[15] And they came to Jesus, and saw the demoniac sitting there, clothed and in his right mind, the man who had had the legion; and they were afraid.
[16] And those who had seen it told what had happened to the demoniac and to the swine.
[17] And they began to beg Jesus to depart from their neighborhood.
[18] And as he was getting into the boat, the man who had been possessed with demons begged him that he might be with him.
[19] But he refused, and said to him, “Go home to your friends, and tell them how much the Lord has done for you, and how he has had mercy on you.”
[20] And he went away and began to proclaim in the Decapolis how much Jesus had done for him; and all men marveled.

          [Kai διαπερασαντoς παλιν εις τo περαν, 1 2 P45 D Θ f1 28. 565. 700 pc it sys]
[21] And when he had crossed again to the other side, a great crowd gathered about him; and he was beside the sea.
[22] Then came one of the rulers of the synagogue, Jairus by name; and seeing him, he fell at his feet,
[23] and besought him, saying, “My little daughter is at the point of death. Come and lay your hands on her, so that she may be made well, and live.”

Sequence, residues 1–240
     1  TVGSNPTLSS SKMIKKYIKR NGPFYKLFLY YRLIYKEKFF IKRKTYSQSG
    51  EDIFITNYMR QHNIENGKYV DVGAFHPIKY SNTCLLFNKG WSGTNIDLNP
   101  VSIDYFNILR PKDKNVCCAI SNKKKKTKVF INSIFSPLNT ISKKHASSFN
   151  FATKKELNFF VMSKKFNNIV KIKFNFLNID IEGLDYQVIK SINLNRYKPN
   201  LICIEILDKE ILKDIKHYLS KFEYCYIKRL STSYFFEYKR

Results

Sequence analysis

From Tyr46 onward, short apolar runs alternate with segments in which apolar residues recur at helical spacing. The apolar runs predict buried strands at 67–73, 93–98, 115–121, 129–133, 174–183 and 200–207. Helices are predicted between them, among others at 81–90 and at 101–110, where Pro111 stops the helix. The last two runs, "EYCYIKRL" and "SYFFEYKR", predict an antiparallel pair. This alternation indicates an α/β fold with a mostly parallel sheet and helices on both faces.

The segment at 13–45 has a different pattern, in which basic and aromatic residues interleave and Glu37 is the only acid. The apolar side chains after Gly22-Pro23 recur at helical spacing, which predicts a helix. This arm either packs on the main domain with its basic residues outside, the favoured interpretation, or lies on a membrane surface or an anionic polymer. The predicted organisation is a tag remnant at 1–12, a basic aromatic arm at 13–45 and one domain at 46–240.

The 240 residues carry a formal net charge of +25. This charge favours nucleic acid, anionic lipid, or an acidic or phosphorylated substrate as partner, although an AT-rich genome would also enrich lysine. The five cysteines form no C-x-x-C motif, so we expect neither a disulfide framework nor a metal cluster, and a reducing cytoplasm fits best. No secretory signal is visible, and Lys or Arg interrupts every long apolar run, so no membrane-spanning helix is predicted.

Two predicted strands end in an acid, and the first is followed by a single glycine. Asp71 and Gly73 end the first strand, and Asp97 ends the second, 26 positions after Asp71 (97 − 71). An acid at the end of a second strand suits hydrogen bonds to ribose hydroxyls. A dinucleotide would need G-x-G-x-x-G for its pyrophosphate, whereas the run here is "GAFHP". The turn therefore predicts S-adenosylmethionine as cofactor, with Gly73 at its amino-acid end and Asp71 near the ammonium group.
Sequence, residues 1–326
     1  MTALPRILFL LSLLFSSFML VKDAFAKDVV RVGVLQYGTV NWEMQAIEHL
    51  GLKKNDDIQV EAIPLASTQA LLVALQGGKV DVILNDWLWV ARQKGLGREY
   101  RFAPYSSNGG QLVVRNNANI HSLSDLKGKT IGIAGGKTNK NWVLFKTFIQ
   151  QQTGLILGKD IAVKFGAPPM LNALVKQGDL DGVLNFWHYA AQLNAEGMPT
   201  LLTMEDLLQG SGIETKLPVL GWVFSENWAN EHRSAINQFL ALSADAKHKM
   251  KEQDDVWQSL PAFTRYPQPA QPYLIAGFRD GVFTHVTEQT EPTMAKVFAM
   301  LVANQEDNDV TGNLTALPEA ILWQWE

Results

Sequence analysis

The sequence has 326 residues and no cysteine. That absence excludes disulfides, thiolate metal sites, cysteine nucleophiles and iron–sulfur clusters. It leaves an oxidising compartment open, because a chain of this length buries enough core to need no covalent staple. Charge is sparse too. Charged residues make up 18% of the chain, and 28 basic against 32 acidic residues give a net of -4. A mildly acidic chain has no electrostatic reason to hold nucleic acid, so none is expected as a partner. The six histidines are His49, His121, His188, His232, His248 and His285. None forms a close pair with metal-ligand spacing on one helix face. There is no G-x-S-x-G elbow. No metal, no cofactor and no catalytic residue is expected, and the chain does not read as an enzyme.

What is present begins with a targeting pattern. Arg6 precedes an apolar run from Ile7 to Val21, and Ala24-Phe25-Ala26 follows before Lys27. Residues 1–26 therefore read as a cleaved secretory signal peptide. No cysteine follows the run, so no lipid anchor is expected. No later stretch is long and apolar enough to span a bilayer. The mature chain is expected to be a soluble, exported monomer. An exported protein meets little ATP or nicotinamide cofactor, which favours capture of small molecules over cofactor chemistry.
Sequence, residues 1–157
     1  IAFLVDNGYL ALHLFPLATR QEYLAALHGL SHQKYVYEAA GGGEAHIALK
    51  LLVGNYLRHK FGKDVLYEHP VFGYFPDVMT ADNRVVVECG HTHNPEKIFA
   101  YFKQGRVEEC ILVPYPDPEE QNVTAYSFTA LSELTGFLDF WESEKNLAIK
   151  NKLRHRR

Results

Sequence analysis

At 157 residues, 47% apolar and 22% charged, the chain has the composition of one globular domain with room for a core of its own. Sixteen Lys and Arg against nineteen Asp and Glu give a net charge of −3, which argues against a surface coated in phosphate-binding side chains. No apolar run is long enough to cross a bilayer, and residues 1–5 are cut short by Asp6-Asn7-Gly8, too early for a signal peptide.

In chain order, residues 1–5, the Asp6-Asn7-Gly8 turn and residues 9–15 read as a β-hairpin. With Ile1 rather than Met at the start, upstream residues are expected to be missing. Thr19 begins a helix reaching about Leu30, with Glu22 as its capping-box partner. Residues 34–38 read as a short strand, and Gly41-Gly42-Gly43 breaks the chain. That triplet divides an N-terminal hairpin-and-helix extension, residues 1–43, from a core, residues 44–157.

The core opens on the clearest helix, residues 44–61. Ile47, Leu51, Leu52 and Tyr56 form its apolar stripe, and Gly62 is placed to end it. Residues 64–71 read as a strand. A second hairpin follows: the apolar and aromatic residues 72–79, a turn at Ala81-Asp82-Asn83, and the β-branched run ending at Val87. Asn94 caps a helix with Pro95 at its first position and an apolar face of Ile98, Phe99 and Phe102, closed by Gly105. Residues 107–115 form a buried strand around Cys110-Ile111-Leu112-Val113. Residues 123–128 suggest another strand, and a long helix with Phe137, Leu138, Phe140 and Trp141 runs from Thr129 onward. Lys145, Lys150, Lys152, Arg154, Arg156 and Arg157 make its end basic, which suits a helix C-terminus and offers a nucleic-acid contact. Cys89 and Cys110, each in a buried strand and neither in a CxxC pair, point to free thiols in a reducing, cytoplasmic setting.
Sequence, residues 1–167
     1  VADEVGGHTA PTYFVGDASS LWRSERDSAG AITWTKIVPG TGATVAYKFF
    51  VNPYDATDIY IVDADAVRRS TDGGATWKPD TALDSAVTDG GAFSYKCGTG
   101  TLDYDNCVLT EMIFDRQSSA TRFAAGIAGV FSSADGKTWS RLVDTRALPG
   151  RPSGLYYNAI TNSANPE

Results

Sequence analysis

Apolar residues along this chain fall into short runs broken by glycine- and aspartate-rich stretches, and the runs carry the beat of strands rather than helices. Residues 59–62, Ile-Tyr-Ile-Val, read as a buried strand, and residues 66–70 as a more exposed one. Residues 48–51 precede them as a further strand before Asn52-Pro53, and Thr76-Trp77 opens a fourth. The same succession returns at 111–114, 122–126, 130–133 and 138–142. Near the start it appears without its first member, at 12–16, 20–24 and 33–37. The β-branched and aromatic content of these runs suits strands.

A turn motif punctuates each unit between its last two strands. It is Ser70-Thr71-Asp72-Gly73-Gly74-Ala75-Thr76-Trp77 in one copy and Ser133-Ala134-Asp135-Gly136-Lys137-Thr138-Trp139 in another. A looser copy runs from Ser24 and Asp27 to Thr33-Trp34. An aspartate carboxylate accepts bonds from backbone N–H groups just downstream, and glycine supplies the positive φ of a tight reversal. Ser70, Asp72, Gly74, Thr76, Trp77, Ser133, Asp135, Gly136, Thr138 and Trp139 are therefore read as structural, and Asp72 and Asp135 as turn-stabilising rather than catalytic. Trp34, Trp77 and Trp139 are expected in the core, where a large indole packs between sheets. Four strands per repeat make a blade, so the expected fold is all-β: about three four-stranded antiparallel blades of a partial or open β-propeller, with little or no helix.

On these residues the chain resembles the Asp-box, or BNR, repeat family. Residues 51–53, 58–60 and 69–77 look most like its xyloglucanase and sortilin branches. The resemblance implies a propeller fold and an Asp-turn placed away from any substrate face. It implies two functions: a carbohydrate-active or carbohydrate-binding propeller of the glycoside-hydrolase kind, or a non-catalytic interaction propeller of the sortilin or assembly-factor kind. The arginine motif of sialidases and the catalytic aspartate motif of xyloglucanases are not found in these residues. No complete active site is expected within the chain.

[24] And he went with him.
And a great crowd followed him and thronged about him.

[25] And there was a woman who had had a flow of blood for twelve years,
[26] and who had suffered much under many physicians, and had spent all that she had, and was no better but rather grew worse.
[27] She had heard the reports about Jesus, and came up behind him in the crowd and touched his garment.
[28] For she said, “If I touch even his garments, I shall be made well.”
[29] And immediately the hemorrhage ceased; and she felt in her body that she was healed of her disease.
[30] And Jesus, perceiving in himself that power had gone forth from him, immediately turned about in the crowd, and said, “Who touched my garments?”
[31] And his disciples said to him, “You see the crowd pressing around you, and yet you say, ‘Who touched me?’”
[32] And he looked around to see who had done it.
[33] But the woman, knowing what had been done to her, came in fear and trembling and fell down before him, and told him the whole truth.
[34] And he said to her, “Daughter,
your faith has made you well; go in peace, and be healed of your disease.”

[35] While he was still speaking, there came from the ruler’s house some who said, “Your daughter is dead. Why trouble the Teacher any further?”
[36] But ignoring what they said, Jesus said to the ruler of the synagogue, “Do not fear, only believe.”